It was reminiscent of the final scene in The Grinch Who Stole Christmas, as a crowd of around 150 people, young and old, gathered hand-in-hand around Parliament Oak School two days after Christmas to protest the selling of the property.
The Grinch, whose heart hasn’t grown any sizes this year, is the District School Board of Niagara, which put the property on the public market after refusing to accept the town of Niagara-on-the-Lake’s offers.
The property was originally gifted to the school board by the town and has historic significance, believed to be where one of the first documents of Canadian parliament was signed.
Barbara Tranter, who organized the protest through a ‘call to arms’ on Facebook, said she did it because of the memories attached to the building.
“I walk by the entrances and remember a million things that happened to me here,” said Tranter, who attended Parliament Oak School from kindergarten to grade 8. “I was the pitcher on the girl’s ball team.”
She said the one thing the community would like to see is for the building to become a community hub.
“I want to start a film school for kids. With a computer and a phone, you can make a film now. And then we could do film nights, and that’s just one thing we can do in here. We can outfit one of the classrooms as a theatre really easily … Music Niagara wants to come in. There’s a lot of people who want to use it — and it’s in great shape still.”
She said she “couldn’t believe” the amount of people who showed up on one of the coldest days of the season.
The protest was joined by Lord Mayor Pat Darte and Niagara Falls MPP Wayne Gates, who have both been active in trying to protect the school from developers.
“I believe that Niagara-on-the-Lake is at a crossroads here. This is one of the prettiest towns in all of Ontario. We have to make sure that we keep it. And Parliament Oak school is part of it. It’s just down from the main street,” said Gates.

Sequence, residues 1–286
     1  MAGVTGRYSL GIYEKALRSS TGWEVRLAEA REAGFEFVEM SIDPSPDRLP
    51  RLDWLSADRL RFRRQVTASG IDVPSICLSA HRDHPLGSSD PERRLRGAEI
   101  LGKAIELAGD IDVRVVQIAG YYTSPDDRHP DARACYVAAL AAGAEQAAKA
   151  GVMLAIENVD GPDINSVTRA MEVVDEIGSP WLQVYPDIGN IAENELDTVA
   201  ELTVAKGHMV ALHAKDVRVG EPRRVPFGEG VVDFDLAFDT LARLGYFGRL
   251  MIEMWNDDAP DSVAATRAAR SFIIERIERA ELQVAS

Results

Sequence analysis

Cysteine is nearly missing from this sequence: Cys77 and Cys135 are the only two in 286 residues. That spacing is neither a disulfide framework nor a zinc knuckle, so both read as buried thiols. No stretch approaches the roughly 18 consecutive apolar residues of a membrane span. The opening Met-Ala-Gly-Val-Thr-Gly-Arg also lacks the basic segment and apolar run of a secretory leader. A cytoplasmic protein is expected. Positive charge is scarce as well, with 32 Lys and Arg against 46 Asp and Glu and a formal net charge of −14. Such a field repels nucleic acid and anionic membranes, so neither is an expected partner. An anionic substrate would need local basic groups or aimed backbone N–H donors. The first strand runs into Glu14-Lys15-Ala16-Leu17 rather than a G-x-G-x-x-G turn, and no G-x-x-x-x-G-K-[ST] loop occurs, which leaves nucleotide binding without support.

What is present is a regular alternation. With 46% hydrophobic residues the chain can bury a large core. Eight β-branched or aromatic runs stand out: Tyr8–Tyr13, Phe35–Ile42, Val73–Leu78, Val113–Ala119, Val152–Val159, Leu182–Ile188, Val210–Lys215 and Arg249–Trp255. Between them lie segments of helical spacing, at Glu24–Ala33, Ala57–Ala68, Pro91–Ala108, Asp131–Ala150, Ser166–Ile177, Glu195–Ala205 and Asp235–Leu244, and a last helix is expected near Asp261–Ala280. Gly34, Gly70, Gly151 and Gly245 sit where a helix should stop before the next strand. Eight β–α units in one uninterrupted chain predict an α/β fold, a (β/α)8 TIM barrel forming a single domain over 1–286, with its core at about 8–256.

“When you see a turnout on a freezing cold day, in sub-zero weather — the wind is blowing, the snow is flying — and to see young kids right up to seniors that are 80 and 90-years-old, people that went to the school, I believe the board has to revisit what they’ve done here.”
“A community hub can be a number of things … You can have arts here, you can have heritage here. You can have boys and girls’ clubs. You can have all kinds of things in this school … but what we’ve got to make sure is that we keep it,” said Gates.
He said he was happy to see local politicians out supporting the views of the people.
“I think the board should do the right thing. The Premier of the province of Ontario thinks the board should sell it back to the town. The town wants it back, your MP does, your MPP does. All your councillors do. Everybody says ‘listen, you’re making a mistake.’”
“And when you get the details that they got the school for nothing and the town wanted to give $5 million and they still won’t give it back to them? I’m absolutely shocked,” said Gates.
He said he believes the school isn’t just important to the community, it’s also important to parliament.
Recently, claims have surfaced that the property might hold historical value because of tunnels that were discovered on the property, apparently related to a mansion that once stood on the grounds.
Lord Mayor Pat Darte said he’s heard the rumours, but couldn’t confirm if there is any merit to them.
“I’m not a historian,” Darte said.
He said there’s been “a lot of discussion” but he isn’t aware of anybody looking specifically looking into whether these claims could halt the DSBN’s sale process.
A group — the Niagara-on-the-Lake Community Hub Organizing Group — has been formed to try and prevent the sale.